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Home / Science / Chinese rocket fragments are flying back to Earth-scientists are not sure where it will land

Chinese rocket fragments are flying back to Earth-scientists are not sure where it will land



Huge space junk will cause uncontrolled re-entry into the Earth’s atmosphere, and it is possible that debris will land in many cities around the world in the next few days.It is left over from the first module in China New Tianhe Space Station -No one knows where it will land.

The 46,000-pound Chinese rocket Long March-5B recently launched the first module of the country’s new space station into orbit. After the core is separated from the rest of the rocket, it should follow a predetermined flight path into the ocean.

But now, scientists don’t know where it will land because it orbits the planet at a speed of 1

7,324 miles per hour every 90 minutes, unexpectedly. As it soars in the atmosphere, it seems to be rolling, and it is gradually losing altitude.

Its rapid speed makes its landing location almost unpredictable, but it is expected to land in the next few days.

China launches Tianhe core module Tianhe
On April 29, 2021, the Long March 5B Y2 rocket carrying the core module of the China Space Station Tianhe was launched from the Wenchang Spacecraft Launch Site in Wenchang City, Hainan Province, China.

VCG/VCG via Getty Images


“NASA has realized and tracked the space location of China’s Long March 5B, but it must determine its exact entrance into the Earth’s atmosphere until it re-enters the Earth within a few hours (expected to be around May 8),” Angela Webb of the U.S. Space Command’s Department of Public Affairs told CBS News.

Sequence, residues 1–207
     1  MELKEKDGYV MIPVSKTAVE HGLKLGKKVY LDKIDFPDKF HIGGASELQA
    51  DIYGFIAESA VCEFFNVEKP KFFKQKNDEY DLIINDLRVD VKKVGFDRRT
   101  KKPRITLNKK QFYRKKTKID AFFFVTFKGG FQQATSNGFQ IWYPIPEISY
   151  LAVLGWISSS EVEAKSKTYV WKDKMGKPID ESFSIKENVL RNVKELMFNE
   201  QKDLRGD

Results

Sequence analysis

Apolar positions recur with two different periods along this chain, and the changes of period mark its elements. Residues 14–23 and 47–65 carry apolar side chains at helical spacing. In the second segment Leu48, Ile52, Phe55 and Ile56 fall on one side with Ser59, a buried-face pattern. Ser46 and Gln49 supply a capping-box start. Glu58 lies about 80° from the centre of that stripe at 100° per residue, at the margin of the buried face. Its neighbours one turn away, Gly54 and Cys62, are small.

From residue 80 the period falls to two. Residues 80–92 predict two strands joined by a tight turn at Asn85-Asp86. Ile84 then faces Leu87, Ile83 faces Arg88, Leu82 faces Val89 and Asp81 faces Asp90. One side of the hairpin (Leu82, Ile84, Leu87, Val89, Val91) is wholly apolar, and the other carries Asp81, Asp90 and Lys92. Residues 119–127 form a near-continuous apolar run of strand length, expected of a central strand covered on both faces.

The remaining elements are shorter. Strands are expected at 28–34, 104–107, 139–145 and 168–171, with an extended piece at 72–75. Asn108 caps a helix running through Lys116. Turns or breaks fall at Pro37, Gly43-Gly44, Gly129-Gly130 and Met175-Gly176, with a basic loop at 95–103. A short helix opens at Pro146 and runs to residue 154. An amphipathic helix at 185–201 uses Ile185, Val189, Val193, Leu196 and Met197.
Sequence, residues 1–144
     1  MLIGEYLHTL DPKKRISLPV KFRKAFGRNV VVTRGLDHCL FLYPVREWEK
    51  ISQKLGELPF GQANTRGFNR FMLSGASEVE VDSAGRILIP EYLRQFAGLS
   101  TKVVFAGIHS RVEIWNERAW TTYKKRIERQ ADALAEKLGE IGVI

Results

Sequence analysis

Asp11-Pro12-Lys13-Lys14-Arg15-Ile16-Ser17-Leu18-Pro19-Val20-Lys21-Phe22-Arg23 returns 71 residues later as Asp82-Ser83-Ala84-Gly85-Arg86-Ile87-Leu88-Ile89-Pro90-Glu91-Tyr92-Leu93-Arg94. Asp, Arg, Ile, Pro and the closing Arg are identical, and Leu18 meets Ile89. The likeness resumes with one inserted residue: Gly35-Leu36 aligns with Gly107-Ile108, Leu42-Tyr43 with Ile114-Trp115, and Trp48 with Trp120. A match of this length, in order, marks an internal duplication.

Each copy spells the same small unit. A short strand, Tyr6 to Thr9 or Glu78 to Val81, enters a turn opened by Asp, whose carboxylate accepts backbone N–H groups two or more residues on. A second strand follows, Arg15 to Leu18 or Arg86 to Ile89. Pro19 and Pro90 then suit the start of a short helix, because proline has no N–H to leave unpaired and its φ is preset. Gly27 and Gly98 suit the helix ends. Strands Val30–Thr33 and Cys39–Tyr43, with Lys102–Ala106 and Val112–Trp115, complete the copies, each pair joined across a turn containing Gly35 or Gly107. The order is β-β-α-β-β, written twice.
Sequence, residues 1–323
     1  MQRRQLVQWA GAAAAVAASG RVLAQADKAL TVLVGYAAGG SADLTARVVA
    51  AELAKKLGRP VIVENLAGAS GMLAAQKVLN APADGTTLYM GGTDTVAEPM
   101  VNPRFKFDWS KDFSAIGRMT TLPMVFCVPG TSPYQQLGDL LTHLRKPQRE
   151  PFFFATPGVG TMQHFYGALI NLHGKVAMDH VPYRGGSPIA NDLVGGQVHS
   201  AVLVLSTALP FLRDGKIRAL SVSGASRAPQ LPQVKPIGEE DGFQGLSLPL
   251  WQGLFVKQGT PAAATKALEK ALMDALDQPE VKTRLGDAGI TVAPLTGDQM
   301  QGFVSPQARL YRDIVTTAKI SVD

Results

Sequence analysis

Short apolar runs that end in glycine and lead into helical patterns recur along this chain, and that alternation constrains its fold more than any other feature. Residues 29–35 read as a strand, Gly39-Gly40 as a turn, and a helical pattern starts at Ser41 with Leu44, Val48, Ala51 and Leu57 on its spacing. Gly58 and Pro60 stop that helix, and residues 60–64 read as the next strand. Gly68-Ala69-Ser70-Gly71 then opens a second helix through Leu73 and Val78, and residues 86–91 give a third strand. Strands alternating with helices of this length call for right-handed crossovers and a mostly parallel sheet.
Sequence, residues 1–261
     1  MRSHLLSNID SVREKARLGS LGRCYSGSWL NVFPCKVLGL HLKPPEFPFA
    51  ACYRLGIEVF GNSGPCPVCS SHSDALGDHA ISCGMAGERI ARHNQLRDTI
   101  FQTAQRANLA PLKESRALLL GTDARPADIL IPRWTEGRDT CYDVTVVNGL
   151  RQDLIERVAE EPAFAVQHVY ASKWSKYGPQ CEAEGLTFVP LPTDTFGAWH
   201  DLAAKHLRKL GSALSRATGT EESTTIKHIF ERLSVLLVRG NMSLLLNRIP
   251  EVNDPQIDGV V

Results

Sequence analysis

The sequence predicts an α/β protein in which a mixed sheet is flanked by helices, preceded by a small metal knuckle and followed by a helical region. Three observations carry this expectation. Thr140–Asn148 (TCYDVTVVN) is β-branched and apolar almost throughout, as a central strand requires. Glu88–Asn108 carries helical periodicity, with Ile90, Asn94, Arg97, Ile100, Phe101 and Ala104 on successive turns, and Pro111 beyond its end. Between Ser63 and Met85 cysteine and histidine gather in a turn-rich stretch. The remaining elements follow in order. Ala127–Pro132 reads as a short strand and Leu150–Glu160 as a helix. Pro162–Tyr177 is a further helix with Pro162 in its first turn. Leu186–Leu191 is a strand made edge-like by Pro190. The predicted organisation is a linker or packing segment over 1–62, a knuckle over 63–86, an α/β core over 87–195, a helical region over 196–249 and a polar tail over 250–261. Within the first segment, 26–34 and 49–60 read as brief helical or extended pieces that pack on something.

Starting Tuesday, the 18th Space Control Squadron will track more than 27,000 man-made objects in space and provide daily updates on the location of the rocket’s body. Several other agencies are also tracking its movements.

Despite a lot of speculation, no one knows where the debris will fall. It may land in the United States, Mexico, Central America, South America, Africa, India, China or Australia.

It is most likely to land in oceans or uninhabited areas that account for more than 70% of the earth. However, as one of the largest uncontrollable re-entry spacecraft ever, there is still a risk that debris will land in the metropolitan area.

But again, the possibility is very small.

2021-035b-123l.png
The possible reentry positions are anywhere on the blue and yellow ground tracks.

Aerospace Company


According to William Harwood of CBS News, “Most of the rockets will burn in the atmosphere, and the chance of anyone or any particular community being hit by the surviving debris is very small.”

However, this does not need to happen.

Harwood said: “Why China’s rockets fall uncontrollably is not clear.” “U.S. rockets (and most other rockets) will routinely launch engines to target re-entry into the South Pacific to ensure that debris will not Land in a densely populated area.”

The China National Space Administration has encountered the problem of returning to Earth in the past. In 2018, Tiangong 1China’s decommissioned space station went into uncontrolled space and landed somewhere in the Pacific Ocean. In May last year, another Long March 5B rocket took off and landed near the west coast of Africa.

The most significant reentry destruction event in densely populated areas was the space shuttle Columbia, which entered in February 2003. When the 200,000-pound spacecraft crashed over Texas, a large amount of debris hit the ground, but there was no injury.

Similarly, when Skylab re-entered in 1978, the debris fell in Western Australia, but there were no reports of injuries.

William Harwood contributed to this report.


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